The editors and twenty contributors to the essential anthology Journeys in Sociology use a life-course perspective to address the role of sociology in their lives. The power of their personal experiences—during the Great Depression, World War II, or the student protests and social movements in the 1960s and '70s—magnify how and why social change prompted these men and women to study sociology. Moreover, all of the contributors include a discussion of their activities in retirement.
Sociology studies human development from birth through death. It often focuses on the family because it is the primary institution for socializing children and caring for the elderly. While cultural definitions of family may be based on blood, marriage, or legal ties, “families” are socially constructed and can include cohabitation and other culturally recognized social bonds such as fostering, nurturing, or economic ties.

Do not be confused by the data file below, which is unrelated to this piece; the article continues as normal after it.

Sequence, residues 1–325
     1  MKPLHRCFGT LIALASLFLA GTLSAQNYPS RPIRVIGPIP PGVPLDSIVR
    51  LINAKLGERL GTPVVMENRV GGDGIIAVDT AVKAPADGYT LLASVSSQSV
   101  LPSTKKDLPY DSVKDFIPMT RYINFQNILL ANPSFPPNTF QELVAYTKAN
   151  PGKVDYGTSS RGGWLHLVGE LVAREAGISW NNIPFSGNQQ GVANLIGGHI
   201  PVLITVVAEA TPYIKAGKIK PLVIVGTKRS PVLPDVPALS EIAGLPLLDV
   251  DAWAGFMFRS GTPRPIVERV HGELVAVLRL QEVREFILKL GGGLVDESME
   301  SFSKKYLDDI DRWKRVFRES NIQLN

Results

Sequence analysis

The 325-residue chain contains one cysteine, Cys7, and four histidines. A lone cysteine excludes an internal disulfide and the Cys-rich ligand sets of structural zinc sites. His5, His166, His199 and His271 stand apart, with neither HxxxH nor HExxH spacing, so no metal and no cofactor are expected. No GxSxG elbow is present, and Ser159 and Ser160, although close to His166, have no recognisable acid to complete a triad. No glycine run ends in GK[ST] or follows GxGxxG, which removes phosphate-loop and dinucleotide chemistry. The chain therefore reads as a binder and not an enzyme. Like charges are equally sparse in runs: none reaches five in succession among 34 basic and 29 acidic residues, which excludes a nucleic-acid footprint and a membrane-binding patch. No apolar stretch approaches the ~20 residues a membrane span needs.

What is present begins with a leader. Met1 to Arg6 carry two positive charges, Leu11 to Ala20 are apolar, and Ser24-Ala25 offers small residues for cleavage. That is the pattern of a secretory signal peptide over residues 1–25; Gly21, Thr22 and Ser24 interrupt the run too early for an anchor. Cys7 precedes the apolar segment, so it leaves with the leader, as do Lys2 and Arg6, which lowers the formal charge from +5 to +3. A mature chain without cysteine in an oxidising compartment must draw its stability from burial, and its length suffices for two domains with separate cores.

Family relationships vary by age, race/ethnicity, class, culture, and gender, and change over time and across the life course. Sociology studies the social structures, public policies, and cultural contexts that impact families including marriage, divorce, single parenthood, and members’ health and well-being. Sociology also studies how family relationships affect members and society.